Apple’s MagSafe and iPhone 12 Present Problems for People with Pacemakers

Magsafe Pacemakers Featured

The new MagSafe chargers for the iPhone 12 haven’t exactly been a huge hit. It seems like a step backward to go from wireless Qi charging to having to attach a device to the back of your phone. On top of that, a support document now admits that the MagSafe charger for the iPhone 12 could post problems for people who have pacemakers.

The Issues with the MagSafe Charger

The Heart Rhythm Journal published earlier in January that the MagSafe technology used with the iPhone 12 can deactivate pacemakers in some situations. Apple then updated a support document published to its website spelling out advice for people with pacemakers and defibrillators who use the iPhone 12.

This is all after the Hearth Rhythm Journal did a study that showed Medtronic pacemakers could be deactivated when an iPhone 12 is held near it. But it’s not so much an issue with the phone as with the magnets in the phone and the charger. It’s a problem with all magnets and pacemakers, in fact.

Magsafe Pacemakers Iphone 12

The iPhone 12 series of phones have magnets in them that adhere the MagSafe charger to it. There is a round disc that attaches to the back of the phone to charge it. There is also a duo charger that uses the technology to charge an iPhone 12 and Apple Watch at the same time and a wallet that holds credit cards, driver’s licenses, etc., and affixes to the back of the iPhone 12.

The support document for the iPhone 12 and MagSafe technology was first published when the iPhone 12 was launched last October. However, now new information has been added for users with pacemakers and other implanted devices. Apple is suggesting the iPhone 12 and MagSafe accessories should be more than six inches away from the medical devices.

Magsafe Pacemaker Charger

Apple added, “Medical devices such as implanted pacemakers and defibrillators might contain sensors that respond to magnets and radios when in close contact. To avoid any potential interactions with these devices, keep your iPhone and MagSafe accessories a safe distance away from your device (more than 6 inches / 15 cm apart or more than 12 inches / 30 cm apart if wirelessly charging). But consult with your physician and your device manufacturer for specific guidelines.”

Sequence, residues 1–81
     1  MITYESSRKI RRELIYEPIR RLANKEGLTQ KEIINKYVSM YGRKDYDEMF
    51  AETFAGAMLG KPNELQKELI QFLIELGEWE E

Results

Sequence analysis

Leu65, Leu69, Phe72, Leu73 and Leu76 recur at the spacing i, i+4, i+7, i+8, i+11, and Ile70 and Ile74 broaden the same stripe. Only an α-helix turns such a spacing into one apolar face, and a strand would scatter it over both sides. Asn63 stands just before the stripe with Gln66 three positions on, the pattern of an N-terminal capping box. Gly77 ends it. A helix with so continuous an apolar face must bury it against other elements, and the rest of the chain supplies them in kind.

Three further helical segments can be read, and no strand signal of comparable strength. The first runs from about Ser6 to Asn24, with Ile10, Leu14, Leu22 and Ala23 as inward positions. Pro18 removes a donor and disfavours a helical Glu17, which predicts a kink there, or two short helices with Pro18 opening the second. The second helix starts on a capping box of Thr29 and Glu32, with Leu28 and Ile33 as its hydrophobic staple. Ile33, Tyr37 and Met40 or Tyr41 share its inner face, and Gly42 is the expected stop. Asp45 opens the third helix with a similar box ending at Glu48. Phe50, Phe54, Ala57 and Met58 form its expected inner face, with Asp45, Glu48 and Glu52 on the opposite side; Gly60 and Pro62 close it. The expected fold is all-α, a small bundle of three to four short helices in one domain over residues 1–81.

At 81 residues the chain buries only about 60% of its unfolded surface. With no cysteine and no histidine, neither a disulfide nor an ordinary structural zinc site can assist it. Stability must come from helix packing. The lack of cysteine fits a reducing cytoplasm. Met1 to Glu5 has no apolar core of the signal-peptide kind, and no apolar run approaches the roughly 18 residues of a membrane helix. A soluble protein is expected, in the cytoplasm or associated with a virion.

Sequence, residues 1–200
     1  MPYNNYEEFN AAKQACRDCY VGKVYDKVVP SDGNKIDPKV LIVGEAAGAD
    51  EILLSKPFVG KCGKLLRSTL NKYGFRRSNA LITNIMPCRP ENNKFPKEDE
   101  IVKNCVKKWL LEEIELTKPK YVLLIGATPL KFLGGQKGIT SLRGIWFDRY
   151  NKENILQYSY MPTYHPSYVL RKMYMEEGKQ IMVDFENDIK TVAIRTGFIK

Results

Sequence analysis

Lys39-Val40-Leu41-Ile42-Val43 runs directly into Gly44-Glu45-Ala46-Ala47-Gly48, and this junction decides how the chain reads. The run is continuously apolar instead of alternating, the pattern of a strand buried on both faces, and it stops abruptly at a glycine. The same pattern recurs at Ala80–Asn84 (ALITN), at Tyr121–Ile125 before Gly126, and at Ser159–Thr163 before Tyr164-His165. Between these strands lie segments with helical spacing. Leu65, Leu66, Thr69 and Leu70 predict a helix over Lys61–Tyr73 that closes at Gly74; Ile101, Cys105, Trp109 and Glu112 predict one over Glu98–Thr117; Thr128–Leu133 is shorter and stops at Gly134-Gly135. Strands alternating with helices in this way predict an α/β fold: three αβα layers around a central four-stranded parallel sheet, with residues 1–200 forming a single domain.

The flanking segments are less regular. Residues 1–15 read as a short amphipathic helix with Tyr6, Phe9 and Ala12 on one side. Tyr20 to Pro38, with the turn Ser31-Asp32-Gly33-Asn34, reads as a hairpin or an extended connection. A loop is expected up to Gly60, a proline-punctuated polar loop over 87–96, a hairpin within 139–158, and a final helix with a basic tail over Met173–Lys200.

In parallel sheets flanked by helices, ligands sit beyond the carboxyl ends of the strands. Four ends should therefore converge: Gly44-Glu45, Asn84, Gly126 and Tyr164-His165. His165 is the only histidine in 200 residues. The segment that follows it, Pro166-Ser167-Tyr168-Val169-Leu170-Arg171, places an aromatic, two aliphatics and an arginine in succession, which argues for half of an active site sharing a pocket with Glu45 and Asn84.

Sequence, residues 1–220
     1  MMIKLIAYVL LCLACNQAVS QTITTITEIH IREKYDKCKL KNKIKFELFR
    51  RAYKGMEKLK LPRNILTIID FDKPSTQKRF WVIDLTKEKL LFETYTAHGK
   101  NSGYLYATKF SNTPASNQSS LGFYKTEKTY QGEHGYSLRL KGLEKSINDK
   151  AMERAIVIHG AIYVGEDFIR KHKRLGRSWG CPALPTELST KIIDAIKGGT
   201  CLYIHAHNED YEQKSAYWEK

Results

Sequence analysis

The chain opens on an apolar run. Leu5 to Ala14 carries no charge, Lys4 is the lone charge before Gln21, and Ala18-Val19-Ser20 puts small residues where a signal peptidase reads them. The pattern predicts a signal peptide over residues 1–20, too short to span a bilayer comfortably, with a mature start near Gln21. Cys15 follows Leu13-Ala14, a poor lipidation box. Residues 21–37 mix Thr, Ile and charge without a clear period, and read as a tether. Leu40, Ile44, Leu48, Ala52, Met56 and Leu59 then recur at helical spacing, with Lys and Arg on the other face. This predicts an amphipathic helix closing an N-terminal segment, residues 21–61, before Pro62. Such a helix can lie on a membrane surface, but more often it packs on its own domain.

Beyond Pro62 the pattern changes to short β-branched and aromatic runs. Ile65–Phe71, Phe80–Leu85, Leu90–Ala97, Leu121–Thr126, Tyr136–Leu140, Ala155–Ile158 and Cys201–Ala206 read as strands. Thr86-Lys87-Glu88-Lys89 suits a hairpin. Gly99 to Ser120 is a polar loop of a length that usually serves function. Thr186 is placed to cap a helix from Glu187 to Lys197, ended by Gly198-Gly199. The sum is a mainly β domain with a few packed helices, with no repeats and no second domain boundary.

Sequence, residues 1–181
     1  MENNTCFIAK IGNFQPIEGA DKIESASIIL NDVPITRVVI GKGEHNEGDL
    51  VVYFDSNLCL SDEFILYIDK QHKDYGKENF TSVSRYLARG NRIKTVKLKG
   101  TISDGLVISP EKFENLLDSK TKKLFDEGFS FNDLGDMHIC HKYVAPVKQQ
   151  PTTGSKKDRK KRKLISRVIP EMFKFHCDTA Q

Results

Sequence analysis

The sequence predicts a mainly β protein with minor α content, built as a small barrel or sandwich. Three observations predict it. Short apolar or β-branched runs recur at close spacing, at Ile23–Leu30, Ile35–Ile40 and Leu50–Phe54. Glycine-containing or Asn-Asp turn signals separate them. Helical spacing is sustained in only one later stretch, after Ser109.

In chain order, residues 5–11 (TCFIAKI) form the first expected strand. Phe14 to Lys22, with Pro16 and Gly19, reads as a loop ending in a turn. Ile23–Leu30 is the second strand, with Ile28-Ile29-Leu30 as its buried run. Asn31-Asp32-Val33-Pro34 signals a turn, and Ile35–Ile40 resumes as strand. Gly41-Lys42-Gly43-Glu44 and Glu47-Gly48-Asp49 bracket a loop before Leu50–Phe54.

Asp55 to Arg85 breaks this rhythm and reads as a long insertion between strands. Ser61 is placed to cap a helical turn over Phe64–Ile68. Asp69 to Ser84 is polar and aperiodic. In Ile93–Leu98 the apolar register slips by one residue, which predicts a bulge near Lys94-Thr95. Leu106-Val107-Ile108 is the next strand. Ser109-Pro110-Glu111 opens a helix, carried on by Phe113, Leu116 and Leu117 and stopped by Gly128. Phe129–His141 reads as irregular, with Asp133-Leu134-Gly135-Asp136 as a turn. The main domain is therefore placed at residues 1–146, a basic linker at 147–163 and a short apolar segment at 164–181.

Additional Advice from Apple

However, Apple also says that while its newest iPhones “contain more magnets than prior iPhone models,” it’s “not expected to post a greater risk of magnetic interference to medical devices than prior iPhone models.” This brings up the question of whether all iPhones should be kept a safe distance away from pacemakers, defibrillators, and other implanted devices.

Along with the advice for the iPhone 12, Apple also added advice for those who use the MagSafe Chargers and MagSafe Duo Chargers: “All MagSafe accessories (each sold separately) also contain magnets – and MagSafe Charger and MagSafe Duo Charger contain radios. These magnets and electromagnetic fields might interfere with medical devices.”

Magsafe Pacemaker Wallet

The recent advice is included in Apple’s full support document, “About the magnets inside iPhone 12, iPhone 12 Mini, iPhone 12 Pro, iPhone 12 Pro Max, and MagSafe accessories.”

This brings up the question is if there is also an issue with the Apple Watch and its charger since it also seemingly works with magnets.

Additionally, it was recently rumored that Apple would be returning to the MagSafe connectors for its future MacBook Pros. It doesn’t appear that these would pose a danger, as they aren’t held as close to the heart as the iPhone 12 and MagSafe technology may be. But certainly, it’s something to keep in mind.

Perhaps in the future, if Apple intends to stick with the MagSafe technology, that they release a model of phone in each series that does not include the MagSafe technology for people who have pacemakers and other implanted devices. Then again, the company said all its phones have magnets in them but also said they are all safe. These are questions that need some follow-up.

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